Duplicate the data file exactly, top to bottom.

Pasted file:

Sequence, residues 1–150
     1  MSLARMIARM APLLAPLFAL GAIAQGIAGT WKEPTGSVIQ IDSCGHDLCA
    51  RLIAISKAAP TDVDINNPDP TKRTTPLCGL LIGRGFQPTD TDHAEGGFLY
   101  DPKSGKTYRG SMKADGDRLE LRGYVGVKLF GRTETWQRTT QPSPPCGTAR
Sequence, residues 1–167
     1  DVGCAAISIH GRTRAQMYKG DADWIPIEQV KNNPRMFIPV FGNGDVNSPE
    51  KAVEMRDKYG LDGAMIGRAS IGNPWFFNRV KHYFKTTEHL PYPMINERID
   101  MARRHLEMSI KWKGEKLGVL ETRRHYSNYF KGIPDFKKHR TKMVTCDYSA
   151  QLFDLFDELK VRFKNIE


Sequence, residues 1–150
     1  MSLARMIARM APLLAPLFAL GAIAQGIAGT WKEPTGSVIQ IDSCGHDLCA
    51  RLIAISKAAP TDVDINNPDP TKRTTPLCGL LIGRGFQPTD TDHAEGGFLY
   101  DPKSGKTYRG SMKADGDRLE LRGYVGVKLF GRTETWQRTT QPSPPCGTAR
Sequence, residues 1–167
     1  DVGCAAISIH GRTRAQMYKG DADWIPIEQV KNNPRMFIPV FGNGDVNSPE
    51  KAVEMRDKYG LDGAMIGRAS IGNPWFFNRV KHYFKTTEHL PYPMINERID
   101  MARRHLEMSI KWKGEKLGVL ETRRHYSNYF KGIPDFKKHR TKMVTCDYSA
   151  QLFDLFDELK VRFKNIE